As the spring turned to summer, the Colonial Athletic Association’s football coaches were part of weekly meetings, every Tuesday, with conference commissioner Joe D’Antonio.
With each successive call, James Madison football coach Curt Cignetti began to sense more and more of a negative feeling about the possibility of playing this fall, due to the coronavirus. He had a hunch about a month ago that it would not be feasible for every team in the league.
A report emerged Thursday evening from Bruce Feldman of Fox Sports and The Athletic, stating that the CAA was expected to announce that it would not play football in the fall. The official announcement came early Friday afternoon, confirming the news.
Still, the league left a wide door open, permitting member schools to play an independent schedule this year should they choose. That’s the avenue that JMU, which has become a perennial powerhouse in the league and nationally, will pursue.
The Dukes have three out-of-conference games on its schedule right now (vs. Chattanooga Sept. 12, at North Carolina Sept. 19 and vs. Merrimack Nov. 21). The school would hope to play at least eight games this fall if it can, likely a hodgepodge of regional opponents from both the FCS and FBS.
“We are firmly committed to making sure that we do things the right way,” JMU director of athletics Jeff Bourne said. “I think we have a good track record of that. We will do that in football, we will do it with our [other] fall sports as well.
“And as long as the NCAA still provides those [fall] championships, national championships, we’re going to try to have our teams be in a position to be able to compete.”
Bourne said Friday that he believes the decision to postpone fall CAA football was perhaps made in a hurried manner by some schools But he said JMU wanted more time to evaluate the situation.
Health and well-being is the foremost concern, Bourne said, but the school also felt it had to give playing in the fall a fair go, Cignetti said.
“It was too soon to make a decision,” Cignetti said. “And we owed it to our student-athletes and everybody that loves JMU to give it as good a go as possible.”
Playing football in the spring could be a possibility for other schools in the league. But as long as the NCAA’s fall championships remain in place, JMU is interested in competing in the fall. Should the fall championships move to spring, JMU would play in the spring.
The Dukes, in football, are coming off their third trip to the FCS national title game in the last four years. They won the 2016 title.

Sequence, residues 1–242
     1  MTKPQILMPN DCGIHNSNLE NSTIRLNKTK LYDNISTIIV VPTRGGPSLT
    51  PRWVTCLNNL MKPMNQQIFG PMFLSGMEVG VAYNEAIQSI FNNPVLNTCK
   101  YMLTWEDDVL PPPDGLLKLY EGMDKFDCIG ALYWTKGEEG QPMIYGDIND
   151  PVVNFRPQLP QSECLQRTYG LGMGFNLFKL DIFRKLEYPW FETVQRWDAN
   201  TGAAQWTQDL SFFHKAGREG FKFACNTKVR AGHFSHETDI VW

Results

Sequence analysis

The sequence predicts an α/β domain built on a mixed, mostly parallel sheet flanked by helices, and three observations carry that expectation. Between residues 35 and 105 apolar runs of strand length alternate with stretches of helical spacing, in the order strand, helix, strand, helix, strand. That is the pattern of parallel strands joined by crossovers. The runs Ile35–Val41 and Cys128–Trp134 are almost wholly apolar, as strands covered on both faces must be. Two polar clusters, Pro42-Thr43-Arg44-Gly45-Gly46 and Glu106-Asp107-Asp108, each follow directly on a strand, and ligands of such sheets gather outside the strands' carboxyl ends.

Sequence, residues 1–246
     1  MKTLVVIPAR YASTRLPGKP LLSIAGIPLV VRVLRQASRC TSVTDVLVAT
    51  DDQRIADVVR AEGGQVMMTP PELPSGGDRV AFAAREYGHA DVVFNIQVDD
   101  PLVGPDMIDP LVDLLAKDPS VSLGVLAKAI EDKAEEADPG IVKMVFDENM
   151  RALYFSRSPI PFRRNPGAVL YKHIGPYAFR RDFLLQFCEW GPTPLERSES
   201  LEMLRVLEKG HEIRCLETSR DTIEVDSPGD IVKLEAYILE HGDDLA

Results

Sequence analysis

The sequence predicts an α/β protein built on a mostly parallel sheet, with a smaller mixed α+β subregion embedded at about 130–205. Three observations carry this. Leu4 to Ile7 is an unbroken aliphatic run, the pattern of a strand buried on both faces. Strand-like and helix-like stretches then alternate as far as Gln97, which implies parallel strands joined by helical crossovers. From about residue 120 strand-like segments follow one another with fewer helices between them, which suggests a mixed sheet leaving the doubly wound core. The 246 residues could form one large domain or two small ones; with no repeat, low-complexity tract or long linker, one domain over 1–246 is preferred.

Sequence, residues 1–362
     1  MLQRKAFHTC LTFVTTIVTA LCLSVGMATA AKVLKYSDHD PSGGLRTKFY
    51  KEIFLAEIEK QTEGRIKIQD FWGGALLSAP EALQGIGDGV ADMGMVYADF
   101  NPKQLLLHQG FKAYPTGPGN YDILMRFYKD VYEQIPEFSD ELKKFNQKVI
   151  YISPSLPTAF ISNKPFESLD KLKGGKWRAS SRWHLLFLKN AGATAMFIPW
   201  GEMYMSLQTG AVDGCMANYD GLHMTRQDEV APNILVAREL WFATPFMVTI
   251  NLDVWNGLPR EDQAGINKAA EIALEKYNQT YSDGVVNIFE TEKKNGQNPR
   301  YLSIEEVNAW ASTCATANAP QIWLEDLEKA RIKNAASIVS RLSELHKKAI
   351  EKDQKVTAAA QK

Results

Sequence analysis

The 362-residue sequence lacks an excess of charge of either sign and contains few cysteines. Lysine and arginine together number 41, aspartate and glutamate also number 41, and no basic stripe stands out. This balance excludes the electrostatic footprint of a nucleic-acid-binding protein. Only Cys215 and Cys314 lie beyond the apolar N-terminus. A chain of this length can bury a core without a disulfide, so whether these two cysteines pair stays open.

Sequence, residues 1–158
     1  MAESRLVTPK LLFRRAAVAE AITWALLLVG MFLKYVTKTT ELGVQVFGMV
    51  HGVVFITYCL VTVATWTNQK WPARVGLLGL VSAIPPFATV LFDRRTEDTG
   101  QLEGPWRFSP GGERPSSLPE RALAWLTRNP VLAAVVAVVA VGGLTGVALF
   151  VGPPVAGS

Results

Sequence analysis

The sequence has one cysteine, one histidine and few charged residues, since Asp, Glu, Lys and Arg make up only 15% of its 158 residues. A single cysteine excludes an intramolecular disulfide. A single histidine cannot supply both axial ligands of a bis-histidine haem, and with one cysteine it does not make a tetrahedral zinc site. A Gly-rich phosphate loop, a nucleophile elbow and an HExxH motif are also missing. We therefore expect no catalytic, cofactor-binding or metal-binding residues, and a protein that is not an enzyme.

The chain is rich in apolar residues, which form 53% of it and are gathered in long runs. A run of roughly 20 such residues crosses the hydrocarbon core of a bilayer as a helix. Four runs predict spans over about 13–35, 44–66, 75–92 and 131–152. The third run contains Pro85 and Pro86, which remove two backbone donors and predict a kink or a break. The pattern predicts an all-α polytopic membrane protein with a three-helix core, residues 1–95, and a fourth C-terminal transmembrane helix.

The Dukes also plan for its other fall sports to compete in the fall. The CAA announced an “Extreme Flexibility Model” for such schools to have leeway in their scheduling for those sports. Those programs won’t be required to play CAA contests, just the NCAA’s respective minimum contest number. That’ll apply to field hockey, men’s and women’s soccer, and volleyball in the fall.
In football, Bourne said JMU has had dialogue with schools from both the FBS and FCS levels as it looks to fill out an independent schedule. There’s active interest at both levels to establish games, he said.
Cignetti believes compiling a schedule is going to be one of the least of the challenges moving forward.
“We’ve always felt good about our ability to compete against anybody we play, and we’ve proven in the past that we can do that,” he said.
JMU’s football players returned to campus for voluntary workouts on July 6. There were 97 tests conducted in the program, with one positive test. The men’s and women’s basketball teams are set to return Monday. There’s been no decision yet on basketball scheduling in the CAA.
In football, should fall competition come together, the possibility of fans is still to be determined for JMU’s 24,877-seat Bridgeforth Stadium, Bourne said.
Bourne and Cignetti acknowledged the uncertainty that remains as schools walk a line that’s more like a tightrope.
But, for the time being, fall competition remains on the table in Harrisonburg.
“We all realize that with one decision, either by the NCAA or at the state level, we may not be able to play,” Bourne said. “But you want to make sure that — as an athletic director — you’re doing everything you can for your institution, your student-athletes and your fans.”
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